This scam is quite prevalent among colleges, and students may frequently get emails from a third party acting as the school, requesting confirmation of their login credentials. Once they do, the hacker gets their login credentials and may do anything they want with them. Phishing attempts have also been spotted targeting Office 365 apps like Sharepoint and OneNote.
What is a Cyberattack?
A cyberattack is a hostile act that aims to harm data, steal data, or otherwise disrupt the experience of a person or business online. Computer viruses, data breaches, Denial of Service (DoS) assaults, and other attack vectors are examples of cyberattacks
A successful cyberattack is aimed at gaining unauthorized access, disrupting, damaging, or stealing a company or individual’s personal information, intellectual property, or any other kind of sensitive data.
The Difference Between Data Breaches and Cyberattacks
The difference between data breaches and cyberattacks is complex, because there is no one answer, and circumstances can change depending on context. Take, for example, a DDoS (Distributed Denial of Service) Attack. In a DDoS attack, cybercriminals will intentionally overwhelm a server with traffic, disrupting websites, internet platforms, and businesses from functioning. In this case, what separates a data breach from a cyber attack can be seen as the intent of the cybercriminal. DDoS are carried out to disrupt user experience online, sabotage businesses, or simply crashing networks, the intent is not to steal data.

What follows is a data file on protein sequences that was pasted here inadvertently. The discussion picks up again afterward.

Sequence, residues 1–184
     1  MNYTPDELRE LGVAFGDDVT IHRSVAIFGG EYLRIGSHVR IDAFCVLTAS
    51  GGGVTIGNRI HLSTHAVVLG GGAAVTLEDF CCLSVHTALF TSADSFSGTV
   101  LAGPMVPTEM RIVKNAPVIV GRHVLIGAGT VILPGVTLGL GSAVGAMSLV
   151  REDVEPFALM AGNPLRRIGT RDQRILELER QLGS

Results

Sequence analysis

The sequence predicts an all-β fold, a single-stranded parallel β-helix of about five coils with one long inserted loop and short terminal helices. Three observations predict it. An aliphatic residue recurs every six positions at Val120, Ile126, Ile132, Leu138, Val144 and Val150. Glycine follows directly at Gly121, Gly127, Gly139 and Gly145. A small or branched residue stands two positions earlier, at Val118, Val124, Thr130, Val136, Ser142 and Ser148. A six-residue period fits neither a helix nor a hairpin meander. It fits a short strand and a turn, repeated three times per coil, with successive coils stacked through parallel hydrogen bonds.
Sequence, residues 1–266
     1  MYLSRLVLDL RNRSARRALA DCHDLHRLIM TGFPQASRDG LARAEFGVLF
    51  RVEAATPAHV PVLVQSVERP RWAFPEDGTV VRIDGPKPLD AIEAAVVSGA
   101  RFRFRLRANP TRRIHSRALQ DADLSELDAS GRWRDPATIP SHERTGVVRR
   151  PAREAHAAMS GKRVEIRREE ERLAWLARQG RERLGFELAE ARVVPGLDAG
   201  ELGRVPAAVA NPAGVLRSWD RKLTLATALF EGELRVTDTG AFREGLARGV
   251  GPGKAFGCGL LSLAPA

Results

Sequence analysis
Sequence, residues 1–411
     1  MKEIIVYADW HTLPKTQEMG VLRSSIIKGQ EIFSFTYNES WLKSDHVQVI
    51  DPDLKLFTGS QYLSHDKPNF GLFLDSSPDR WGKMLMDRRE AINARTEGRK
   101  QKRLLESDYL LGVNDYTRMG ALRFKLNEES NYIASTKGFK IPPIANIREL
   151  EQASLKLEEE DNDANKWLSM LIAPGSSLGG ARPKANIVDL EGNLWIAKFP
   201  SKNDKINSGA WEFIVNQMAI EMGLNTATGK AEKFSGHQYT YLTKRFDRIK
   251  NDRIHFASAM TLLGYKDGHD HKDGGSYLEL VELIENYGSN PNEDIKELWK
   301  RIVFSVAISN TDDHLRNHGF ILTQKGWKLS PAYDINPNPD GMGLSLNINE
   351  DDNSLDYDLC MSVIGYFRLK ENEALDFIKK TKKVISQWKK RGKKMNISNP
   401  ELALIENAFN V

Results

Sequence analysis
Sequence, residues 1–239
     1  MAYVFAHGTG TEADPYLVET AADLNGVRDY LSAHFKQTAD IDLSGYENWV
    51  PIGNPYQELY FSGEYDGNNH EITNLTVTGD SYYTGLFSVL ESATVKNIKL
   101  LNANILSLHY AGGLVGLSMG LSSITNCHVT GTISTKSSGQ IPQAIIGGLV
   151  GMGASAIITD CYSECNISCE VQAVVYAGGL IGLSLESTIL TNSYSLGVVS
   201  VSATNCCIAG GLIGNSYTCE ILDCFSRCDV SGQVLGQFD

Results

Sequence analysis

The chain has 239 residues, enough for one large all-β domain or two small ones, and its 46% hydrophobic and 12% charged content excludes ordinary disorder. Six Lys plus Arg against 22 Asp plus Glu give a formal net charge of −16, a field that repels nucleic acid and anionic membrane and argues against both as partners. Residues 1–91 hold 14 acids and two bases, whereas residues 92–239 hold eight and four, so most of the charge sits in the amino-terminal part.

In other circumstances, a cyber attack can be considered the first step in a cybercriminal’s plan to commit a data breach.
When Does a Cyberattack Become a Data Breach?
So, when does a cyber attack become a data breach? Simple, when there has been a guaranteed theft of a person or organization’s data, as the result of a cyberattack. The impact of a cyberattack is usually felt immediately, but even the best technology firms might not realize they’ve been the victims of a data breach until it’s already too late, and their stolen data is exposed publicly.
How Organizations Respond to a Data Breach vs. a Cyberattack
For businesses, a significant distinction between a cyberattack and a data breach is how to respond. While there are just a few rules and regulations governing when to disclose cyber events, there is a slew of laws and regulations governing data breaches, some of which carry stiff penalties. If your company experiences a data breach, you may be required to notify authorities immediately, often as soon as one hour after discovering the incident.
A Data Breach Can Occur Offline
Cyberattacks specifically only occur via the internet, with cybercriminals attacking a business’s network. A data breach, on the other hand, can start offline. For example, if an important password was to get leaked, it would allow just about anyone to gain access to sensitive data and personal information.
Data Breaches and Cyber Attacks are two different things but they do go hand in hand. It is crucial that businesses these days have a plan in place to both prevent cyber attacks and respond to them. If you are a smaller company, it may be worth while to look into hiring a private cyber security firm to audit your business for vulnerabilities.